Bilateral funding and policies have long been used as tools for donors to advance their ideological agendas in ways that undermine the autonomy of groups and locally-driven efforts to address human rights concerns. Using the Trump administration’s reinstatement and unprecedented expansion of the Global Gag Rule, as well as other donors’ counter policies to address it, this panel will illustrate the ways that donor conditionalities on funding are further disempowering local organizations and harming locally-driven advocacy, human rights, and the HIV response.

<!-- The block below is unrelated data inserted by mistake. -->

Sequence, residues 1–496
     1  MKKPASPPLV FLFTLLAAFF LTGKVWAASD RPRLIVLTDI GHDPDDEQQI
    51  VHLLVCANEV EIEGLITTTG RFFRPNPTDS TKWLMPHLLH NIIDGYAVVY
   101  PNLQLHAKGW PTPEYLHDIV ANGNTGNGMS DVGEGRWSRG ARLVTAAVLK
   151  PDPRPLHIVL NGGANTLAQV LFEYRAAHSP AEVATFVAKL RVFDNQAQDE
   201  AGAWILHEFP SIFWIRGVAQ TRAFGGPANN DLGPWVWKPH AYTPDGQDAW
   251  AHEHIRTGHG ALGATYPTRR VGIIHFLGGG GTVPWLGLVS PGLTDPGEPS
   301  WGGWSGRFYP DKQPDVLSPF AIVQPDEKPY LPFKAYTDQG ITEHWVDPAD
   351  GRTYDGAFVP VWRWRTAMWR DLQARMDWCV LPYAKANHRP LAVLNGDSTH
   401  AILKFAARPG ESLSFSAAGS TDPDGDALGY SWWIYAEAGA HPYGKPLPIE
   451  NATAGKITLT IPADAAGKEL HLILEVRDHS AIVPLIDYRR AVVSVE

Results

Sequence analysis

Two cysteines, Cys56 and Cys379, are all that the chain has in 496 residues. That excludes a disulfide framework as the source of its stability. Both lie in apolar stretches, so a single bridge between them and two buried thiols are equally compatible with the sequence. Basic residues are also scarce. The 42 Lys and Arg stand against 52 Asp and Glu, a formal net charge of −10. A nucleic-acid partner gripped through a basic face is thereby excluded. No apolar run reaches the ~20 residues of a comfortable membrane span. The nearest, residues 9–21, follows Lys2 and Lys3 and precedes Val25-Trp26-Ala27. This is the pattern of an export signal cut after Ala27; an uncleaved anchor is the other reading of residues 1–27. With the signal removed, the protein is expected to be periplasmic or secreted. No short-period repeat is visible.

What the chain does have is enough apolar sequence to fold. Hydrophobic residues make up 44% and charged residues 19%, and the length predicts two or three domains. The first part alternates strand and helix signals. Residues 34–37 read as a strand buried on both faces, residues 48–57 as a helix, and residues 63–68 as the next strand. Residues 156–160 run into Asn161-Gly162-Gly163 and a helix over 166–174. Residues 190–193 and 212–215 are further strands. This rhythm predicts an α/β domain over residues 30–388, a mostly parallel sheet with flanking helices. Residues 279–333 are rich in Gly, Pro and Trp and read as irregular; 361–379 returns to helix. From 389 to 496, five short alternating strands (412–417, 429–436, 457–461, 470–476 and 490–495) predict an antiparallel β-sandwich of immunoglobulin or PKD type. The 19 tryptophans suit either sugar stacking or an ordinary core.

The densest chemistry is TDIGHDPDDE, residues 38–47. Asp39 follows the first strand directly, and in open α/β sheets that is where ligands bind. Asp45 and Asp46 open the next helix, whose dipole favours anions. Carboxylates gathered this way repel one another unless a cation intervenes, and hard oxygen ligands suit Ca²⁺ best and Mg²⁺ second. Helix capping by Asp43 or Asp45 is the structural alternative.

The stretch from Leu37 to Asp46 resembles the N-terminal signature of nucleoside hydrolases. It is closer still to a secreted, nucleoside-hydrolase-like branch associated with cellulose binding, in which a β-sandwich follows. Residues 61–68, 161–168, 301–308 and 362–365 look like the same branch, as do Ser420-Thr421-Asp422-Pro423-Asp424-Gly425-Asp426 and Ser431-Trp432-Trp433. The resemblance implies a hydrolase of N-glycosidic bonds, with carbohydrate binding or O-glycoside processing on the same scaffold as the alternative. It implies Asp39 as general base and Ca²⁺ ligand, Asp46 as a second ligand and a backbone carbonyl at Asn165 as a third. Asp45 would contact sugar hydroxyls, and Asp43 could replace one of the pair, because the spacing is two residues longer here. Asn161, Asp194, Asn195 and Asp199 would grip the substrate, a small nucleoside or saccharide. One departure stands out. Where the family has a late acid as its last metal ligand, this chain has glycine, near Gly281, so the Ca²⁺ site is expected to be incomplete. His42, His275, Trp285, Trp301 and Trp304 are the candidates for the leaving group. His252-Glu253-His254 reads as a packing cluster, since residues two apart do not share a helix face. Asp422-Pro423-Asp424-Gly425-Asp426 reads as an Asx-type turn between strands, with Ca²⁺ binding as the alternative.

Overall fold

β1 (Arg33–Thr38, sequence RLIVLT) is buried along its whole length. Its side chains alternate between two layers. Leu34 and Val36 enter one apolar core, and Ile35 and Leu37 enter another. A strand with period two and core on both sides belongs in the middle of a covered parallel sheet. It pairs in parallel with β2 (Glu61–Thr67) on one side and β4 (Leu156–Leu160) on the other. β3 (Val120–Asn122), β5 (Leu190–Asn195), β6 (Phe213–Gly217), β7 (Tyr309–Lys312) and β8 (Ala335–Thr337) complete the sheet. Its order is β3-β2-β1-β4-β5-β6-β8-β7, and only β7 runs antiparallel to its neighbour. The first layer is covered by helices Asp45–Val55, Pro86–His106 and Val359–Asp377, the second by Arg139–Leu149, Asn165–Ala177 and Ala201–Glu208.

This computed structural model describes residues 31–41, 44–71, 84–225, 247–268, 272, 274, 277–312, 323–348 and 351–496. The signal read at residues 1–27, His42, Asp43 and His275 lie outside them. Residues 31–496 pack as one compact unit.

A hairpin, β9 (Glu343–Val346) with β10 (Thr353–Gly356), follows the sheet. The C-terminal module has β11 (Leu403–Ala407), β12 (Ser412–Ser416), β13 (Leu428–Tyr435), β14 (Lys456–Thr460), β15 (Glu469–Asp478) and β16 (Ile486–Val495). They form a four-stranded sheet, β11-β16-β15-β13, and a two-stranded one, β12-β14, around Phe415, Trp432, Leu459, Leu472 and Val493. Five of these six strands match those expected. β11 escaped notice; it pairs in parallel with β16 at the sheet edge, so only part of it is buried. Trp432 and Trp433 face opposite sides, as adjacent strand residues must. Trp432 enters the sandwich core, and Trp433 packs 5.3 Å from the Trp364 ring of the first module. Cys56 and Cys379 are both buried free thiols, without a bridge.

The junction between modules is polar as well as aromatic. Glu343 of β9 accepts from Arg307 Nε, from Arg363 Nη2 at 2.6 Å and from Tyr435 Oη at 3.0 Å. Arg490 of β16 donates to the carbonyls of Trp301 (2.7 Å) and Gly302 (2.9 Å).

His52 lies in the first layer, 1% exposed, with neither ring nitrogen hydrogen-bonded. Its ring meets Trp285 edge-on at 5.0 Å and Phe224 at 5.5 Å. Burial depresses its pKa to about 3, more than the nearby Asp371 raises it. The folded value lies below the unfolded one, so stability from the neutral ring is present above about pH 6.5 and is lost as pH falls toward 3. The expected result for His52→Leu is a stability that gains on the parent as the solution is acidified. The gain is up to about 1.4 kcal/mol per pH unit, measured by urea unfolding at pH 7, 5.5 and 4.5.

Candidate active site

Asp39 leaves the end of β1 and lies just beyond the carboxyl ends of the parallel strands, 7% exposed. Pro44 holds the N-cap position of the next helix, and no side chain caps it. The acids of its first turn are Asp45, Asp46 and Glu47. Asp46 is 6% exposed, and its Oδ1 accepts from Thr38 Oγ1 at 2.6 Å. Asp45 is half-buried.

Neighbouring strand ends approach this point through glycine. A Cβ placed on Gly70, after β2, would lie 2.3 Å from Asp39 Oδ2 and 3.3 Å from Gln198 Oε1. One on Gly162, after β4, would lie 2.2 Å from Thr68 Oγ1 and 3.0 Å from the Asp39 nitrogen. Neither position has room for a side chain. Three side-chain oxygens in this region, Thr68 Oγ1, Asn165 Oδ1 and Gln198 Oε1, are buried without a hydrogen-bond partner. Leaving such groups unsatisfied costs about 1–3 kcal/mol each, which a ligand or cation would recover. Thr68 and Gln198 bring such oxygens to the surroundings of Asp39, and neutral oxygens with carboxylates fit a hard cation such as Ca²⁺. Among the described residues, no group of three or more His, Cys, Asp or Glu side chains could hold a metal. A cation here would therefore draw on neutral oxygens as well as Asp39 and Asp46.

This session, designed by Open Society Foundations and American Jewish World Service in partnership with the Global Philanthropy Project, will contextualize the current threats to HIV, health, and human rights posed by the Global Gag Rule and related conservative religious actors. It will also explore ways that funders can support a shift in power toward grassroots human rights movements and community-led approaches to health and human rights to drive change in their countries. The session will also provide an opportunity for funders to strategize together about ways to support advocacy to mitigate the harms of ideologically-driven conditionality.